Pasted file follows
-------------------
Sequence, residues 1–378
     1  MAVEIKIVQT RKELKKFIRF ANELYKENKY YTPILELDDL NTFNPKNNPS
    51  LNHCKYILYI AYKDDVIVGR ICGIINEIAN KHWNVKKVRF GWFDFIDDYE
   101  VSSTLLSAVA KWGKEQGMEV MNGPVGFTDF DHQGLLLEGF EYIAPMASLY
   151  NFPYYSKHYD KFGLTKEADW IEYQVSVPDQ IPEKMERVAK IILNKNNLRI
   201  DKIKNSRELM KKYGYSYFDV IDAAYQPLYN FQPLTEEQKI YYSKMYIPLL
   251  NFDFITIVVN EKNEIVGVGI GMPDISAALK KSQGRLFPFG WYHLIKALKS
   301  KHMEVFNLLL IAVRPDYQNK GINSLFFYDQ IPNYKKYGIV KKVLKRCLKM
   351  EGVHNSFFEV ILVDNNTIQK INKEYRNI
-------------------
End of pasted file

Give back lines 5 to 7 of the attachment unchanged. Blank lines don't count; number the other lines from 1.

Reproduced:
   151  NFPYYSKHYD KFGLTKEADW IEYQVSVPDQ IPEKMERVAK IILNKNNLRI
   201  DKIKNSRELM KKYGYSYFDV IDAAYQPLYN FQPLTEEQKI YYSKMYIPLL
   251  NFDFITIVVN EKNEIVGVGI GMPDISAALK KSQGRLFPFG WYHLIKALKS